Tackle the job between June and October, which is the most popular period for tag sales nationwide. People’s schedules tend to be more flexible in the summer. “If you live in a college town, the moving months of August and September can be particularly profitable,” says Harry L. Rinker, author of Garage Sale: Manual and Price Guide.
If you’re worried about rain, however, you might choose October, the month with the fewest storms in most parts of the country, according to the National Climatic Data Center. The first Saturday of the month usually works well because it’s the day after many of your hardworking neighbors have been paid, but follow local customs if they are different.
You may want to see when local churches, schools, or civic groups may be sponsoring fund-raising tag sales in your community; you can rent a table or space. The charity benefits from the entrance fee, while you benefit from lots of traffic (and get to keep the proceeds).
2 of 10Thayer Allyson Gowdy
How Long It Should Last
One-day sales are best in most cases. A full day in the sun (or shade, if you can find it)―say, from 7 a.m. to 3 p.m.―is plenty of time to get rid of your wares, and shoppers shouldn't feel as if they have all the time in the world to haggle and browse. So don’t let your sale drag on until dusk or the next day.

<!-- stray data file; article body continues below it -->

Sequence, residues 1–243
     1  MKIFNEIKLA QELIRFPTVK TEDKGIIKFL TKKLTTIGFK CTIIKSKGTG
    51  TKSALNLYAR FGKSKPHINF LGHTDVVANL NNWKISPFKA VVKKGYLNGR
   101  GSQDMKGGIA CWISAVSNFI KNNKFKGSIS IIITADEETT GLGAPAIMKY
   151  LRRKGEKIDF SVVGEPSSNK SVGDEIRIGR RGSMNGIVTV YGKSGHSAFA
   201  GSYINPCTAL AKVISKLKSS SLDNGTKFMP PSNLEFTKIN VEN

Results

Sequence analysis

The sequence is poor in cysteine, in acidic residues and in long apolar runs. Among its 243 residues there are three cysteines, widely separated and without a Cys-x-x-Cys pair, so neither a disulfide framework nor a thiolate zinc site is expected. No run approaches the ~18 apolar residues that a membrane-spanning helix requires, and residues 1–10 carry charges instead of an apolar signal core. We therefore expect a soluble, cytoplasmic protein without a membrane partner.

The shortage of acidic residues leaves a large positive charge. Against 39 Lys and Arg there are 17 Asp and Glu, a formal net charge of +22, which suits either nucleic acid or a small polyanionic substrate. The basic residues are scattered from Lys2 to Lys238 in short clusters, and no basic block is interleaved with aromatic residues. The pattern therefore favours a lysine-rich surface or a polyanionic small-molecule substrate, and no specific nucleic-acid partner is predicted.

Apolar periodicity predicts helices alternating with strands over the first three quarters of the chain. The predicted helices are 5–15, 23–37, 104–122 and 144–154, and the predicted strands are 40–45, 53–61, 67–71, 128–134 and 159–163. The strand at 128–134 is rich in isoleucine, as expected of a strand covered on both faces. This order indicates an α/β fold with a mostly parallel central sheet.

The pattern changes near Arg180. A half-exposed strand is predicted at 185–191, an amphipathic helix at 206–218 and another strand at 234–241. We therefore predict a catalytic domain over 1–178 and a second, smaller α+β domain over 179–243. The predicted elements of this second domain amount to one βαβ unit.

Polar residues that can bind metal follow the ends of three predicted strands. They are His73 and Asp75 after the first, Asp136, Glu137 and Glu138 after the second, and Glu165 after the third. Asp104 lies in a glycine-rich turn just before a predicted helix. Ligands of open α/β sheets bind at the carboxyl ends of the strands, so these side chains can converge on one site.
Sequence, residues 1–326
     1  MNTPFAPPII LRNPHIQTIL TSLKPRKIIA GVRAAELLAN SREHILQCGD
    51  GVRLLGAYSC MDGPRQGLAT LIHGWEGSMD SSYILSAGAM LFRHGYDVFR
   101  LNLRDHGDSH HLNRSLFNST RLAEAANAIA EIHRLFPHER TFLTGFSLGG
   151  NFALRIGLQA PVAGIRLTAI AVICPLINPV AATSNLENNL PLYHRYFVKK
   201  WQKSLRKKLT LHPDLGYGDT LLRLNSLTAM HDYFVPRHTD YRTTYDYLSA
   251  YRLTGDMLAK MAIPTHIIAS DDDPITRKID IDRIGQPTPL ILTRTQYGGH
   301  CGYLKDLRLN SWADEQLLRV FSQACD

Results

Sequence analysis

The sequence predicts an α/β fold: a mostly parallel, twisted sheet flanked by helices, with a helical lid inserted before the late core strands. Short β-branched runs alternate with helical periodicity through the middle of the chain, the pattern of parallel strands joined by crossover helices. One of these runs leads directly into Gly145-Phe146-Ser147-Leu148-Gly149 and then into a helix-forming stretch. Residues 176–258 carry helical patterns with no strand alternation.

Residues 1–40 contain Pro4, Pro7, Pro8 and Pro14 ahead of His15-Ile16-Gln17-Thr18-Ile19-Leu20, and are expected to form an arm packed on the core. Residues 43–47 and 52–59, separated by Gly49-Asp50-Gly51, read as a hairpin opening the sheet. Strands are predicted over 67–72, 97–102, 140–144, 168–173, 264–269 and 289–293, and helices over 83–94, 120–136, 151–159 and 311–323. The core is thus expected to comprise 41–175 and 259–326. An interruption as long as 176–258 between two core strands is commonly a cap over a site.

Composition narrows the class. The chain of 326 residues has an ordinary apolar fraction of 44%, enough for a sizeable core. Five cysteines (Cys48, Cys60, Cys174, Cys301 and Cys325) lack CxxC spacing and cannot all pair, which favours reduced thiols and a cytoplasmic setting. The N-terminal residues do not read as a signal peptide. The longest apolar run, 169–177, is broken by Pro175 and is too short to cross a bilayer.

A two-day schedule is most appropriate for an estate sale, in which an entire household of inventory needs to be moved, Rinker says. Estate-sale goods tend to be upscale; if your items fall into this category, an auction may be a better solution. To find a professional appraiser where you live, go to isa-appraisers.org or appraisers.org.
3 of 10Thayer Allyson Gowdy
What Items to Sell
If you haven’t used it or worn it in two years, sell it. If you hate it but are keeping it because it was a gift, sell it. (Just make sure the giver does not attend the sale.) “Try to go through your house objectively,” says Leslie Kaplan, co-owner of the Boston consignment store Garage Sale. “You have a ton of stuff that may be great but you have no use for anymore.” Look at your items as if you were seeing them at a garage sale. Would you buy them again, even at a discounted price? If not, then sell them, keeping these points in mind:
Best-sellers tend to include baby equipment (strollers, car seats), sporting goods, furniture, tools, books, kitchen appliances, toys, and framed art.